A Guide To Feeding Your Dog
The food you provide your dog is fuel for everything they do including growth, development and exercise.
What food should I feed my dog?
Choosing a food suitable for your dog is one of the first decisions you will have to make. Unsurprisingly, as your dog ages, their needs will alter. Making sure you are always feeding food that is right for your dog is an important part of supporting their health, and this may mean changing their diet several times throughout their life. The nutrition demands of your dog are affected by:
- Exercise levels
- Life stage
- State of health
- Neutering status
With many dog foods looking similar and so many to choose from, the selection process can feel overwhelming. Thankfully, your vet can help you choose, and will also help you decide when and if to change your dog’s diet in the future.
Dog Diet FAQs
Once you are comfortable with the nutritional needs of your dog, you may find the suitable available foods come in a choice of wet or dry preparations. Both will contain the same nutritional value, so what are the advantages and disadvantages of wet versus dry?
Pros of wet food
Wet food, by definition, contains water. This means it can be a good source of extra hydration in animals that are reluctant to drink themselves, and the soft texture can be easier to eat for animals with any mouth pain, or difficulty eating due to conformation or dental issues. Wet food also tends to smell stronger, which can make it more appealing to unwell animals. Like us, being ill can affect sense of smell and appetite, so stronger smelling foods may be more suitable for animals who need tempting to eat.
Cons of wet food
Wet food, being stronger smelling, can be more unpleasant in the house and make more mess. It also lasts much less time than dry food, so comes in smaller packages. This can make wet food far less economical than dry food. Wet food also sticks around in the mouth, and animals fed a purely wet diet often have poorer dental health than animals on dry food.
Pros of dry food
Dry food is very economical, and can be very handy to leave out for dogs that eat slowly as it will not spoil over a day. It is clean, and although harder than wet food, kibble from breed-size specific foods will be small or large enough to be appropriate for your dog’s mouth. Dry food is generally better for dental health, can be used as treats, and stores well. If you like the idea of dry but are worried about water, many dry foods can have a little water added on top.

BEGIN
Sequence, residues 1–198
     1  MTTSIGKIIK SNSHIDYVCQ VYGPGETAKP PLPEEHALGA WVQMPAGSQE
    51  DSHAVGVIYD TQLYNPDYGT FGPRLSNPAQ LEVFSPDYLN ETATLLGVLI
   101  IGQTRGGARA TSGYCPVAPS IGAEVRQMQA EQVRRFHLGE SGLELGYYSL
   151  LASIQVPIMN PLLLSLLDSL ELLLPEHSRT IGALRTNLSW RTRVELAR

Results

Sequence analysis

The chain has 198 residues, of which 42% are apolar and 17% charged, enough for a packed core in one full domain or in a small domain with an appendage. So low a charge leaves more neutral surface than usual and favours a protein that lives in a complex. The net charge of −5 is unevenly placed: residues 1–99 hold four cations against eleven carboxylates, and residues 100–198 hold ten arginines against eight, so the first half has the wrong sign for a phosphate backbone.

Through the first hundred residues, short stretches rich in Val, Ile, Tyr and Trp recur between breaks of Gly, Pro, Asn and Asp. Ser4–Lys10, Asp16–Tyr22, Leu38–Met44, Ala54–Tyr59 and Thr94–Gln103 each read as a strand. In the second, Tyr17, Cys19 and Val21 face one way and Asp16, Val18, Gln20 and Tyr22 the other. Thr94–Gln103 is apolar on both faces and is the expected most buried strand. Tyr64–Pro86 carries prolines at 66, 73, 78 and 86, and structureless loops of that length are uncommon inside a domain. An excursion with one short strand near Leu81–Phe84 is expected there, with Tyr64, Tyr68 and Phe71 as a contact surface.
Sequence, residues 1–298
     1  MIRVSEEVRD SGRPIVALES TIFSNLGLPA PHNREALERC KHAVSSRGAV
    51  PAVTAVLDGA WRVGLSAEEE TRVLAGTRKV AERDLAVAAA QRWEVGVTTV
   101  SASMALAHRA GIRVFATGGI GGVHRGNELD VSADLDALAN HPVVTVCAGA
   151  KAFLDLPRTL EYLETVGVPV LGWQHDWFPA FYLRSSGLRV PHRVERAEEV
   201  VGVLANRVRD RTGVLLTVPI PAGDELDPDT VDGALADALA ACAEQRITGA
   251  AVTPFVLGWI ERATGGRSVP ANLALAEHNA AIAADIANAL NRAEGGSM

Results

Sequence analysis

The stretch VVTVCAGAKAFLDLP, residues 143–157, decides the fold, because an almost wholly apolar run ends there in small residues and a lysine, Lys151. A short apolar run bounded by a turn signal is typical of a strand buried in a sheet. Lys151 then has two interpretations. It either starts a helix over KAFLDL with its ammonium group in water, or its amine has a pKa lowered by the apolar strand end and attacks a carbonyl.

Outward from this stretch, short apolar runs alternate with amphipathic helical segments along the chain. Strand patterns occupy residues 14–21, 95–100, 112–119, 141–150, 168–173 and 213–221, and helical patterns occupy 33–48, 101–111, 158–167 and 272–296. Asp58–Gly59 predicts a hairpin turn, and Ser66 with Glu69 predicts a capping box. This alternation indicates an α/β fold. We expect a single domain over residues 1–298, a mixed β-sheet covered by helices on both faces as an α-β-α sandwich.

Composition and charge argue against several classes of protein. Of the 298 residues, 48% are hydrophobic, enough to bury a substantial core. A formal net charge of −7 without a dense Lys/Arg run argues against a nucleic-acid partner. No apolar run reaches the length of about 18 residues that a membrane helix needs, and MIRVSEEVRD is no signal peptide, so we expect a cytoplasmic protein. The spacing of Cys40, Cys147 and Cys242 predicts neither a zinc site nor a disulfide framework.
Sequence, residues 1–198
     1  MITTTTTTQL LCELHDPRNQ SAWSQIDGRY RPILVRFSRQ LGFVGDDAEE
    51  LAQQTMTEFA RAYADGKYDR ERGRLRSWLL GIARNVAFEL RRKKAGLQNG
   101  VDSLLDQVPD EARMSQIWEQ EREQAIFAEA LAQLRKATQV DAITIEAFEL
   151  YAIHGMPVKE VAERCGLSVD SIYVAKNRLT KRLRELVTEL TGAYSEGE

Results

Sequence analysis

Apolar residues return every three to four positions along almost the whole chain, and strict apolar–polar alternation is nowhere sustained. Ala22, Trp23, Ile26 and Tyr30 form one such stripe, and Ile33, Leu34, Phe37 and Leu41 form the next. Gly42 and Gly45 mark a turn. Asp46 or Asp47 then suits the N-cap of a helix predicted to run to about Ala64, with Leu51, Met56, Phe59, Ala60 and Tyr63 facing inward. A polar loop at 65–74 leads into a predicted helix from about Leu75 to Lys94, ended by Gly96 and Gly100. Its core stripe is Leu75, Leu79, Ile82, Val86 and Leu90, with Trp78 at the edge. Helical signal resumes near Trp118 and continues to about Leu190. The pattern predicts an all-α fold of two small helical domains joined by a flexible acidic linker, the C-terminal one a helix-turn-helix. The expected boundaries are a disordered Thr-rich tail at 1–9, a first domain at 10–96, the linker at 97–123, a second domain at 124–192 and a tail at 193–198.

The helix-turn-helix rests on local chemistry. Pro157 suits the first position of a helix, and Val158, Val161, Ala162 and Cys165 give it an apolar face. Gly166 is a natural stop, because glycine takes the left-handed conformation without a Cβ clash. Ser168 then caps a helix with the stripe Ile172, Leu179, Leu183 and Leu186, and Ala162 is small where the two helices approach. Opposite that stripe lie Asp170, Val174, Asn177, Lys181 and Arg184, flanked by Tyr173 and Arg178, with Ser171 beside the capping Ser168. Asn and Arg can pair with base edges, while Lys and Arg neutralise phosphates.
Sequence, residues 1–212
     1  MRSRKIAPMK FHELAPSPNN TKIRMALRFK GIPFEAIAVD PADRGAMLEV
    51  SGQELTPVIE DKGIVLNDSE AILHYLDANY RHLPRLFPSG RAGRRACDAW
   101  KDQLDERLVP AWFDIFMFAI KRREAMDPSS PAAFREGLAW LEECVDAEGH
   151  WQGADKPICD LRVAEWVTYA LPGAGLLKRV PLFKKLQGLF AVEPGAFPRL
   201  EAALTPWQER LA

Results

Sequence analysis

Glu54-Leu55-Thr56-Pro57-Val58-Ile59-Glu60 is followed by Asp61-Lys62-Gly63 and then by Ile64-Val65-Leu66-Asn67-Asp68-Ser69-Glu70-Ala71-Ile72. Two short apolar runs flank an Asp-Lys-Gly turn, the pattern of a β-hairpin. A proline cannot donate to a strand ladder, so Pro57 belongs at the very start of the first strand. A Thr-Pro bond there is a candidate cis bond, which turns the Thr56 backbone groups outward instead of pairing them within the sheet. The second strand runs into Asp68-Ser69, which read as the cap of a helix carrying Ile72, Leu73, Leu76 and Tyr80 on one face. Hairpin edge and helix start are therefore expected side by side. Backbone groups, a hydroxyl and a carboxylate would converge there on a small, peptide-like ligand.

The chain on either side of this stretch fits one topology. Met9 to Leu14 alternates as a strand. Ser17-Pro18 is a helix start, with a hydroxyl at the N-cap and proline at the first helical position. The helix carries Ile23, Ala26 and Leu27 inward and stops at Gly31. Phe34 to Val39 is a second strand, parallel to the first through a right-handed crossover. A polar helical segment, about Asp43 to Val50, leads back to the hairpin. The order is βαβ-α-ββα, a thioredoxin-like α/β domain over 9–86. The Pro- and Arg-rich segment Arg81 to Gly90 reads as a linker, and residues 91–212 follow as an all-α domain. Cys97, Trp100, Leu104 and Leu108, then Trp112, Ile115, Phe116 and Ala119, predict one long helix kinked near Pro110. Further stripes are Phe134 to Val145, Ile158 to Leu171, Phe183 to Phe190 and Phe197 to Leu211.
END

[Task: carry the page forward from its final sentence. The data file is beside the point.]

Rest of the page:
Cons of dry food
Dry food does not contain as much moisture as wet food, which is especially important in older or unwell animals, or in hot weather. Dry food does not smell, which can make it unappealing to some pets. Dry food often also contains slightly less animal protein, however quality of protein rather than quantity should be a higher consideration.
There are pros and cons to both wet and dry food, and you should choose which you feel is most suitable for you. If you aren’t sure, your vet can help you choose. Some owners also choose to mix wet and dry, or use wet food as a ‘treat’.
It can be very difficult to get the nutritional balance right for your dog using a home-cooked diet, so making your own food for your dog is often more of a commitment than you might think. Balanced home-cooked diets are possible but as the dietary requirements of dogs are complex, and also change with age and other factors, keeping up can be tough. If you aren’t sure about how to provide a balanced diet for your dog at home, there are experts available, including board-certified veterinary nutritionists who can be really helpful. While adult dogs can thrive on a well-balanced home-cooked diet, home-cooked diets should never be fed to growing puppies, as growing animals are acutely susceptible to nutritional imbalances, and errors in this period can have lifelong impacts. Puppyhood lasts 12-18 months, and all dogs should be on an appropriate commercial diet until at least this age.